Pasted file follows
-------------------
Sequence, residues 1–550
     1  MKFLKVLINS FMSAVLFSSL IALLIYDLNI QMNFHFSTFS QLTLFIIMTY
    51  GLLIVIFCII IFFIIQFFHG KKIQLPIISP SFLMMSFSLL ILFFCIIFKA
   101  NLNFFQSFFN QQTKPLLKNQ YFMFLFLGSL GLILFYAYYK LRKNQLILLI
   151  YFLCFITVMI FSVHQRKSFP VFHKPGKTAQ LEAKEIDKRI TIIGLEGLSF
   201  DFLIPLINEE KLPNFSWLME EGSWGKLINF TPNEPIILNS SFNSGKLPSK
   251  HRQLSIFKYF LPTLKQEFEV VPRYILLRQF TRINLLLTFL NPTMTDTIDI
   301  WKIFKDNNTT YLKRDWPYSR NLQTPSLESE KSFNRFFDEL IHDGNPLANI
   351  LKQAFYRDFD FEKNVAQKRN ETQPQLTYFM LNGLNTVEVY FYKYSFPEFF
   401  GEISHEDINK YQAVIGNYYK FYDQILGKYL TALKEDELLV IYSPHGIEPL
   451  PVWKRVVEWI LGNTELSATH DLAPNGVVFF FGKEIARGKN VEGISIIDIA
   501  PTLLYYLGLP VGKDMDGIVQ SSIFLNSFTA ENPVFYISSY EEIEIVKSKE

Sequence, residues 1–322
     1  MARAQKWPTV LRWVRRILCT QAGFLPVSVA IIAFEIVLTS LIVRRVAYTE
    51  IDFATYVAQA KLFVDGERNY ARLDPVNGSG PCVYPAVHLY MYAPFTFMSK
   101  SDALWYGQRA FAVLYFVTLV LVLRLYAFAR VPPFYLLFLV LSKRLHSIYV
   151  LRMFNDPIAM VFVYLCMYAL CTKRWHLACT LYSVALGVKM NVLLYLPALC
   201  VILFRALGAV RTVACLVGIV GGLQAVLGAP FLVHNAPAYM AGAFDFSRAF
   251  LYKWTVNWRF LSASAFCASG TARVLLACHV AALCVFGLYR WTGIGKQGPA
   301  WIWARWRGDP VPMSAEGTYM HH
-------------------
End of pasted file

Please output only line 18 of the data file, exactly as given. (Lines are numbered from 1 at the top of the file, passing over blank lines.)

   201  VILFRALGAV RTVACLVGIV GGLQAVLGAP FLVHNAPAYM AGAFDFSRAF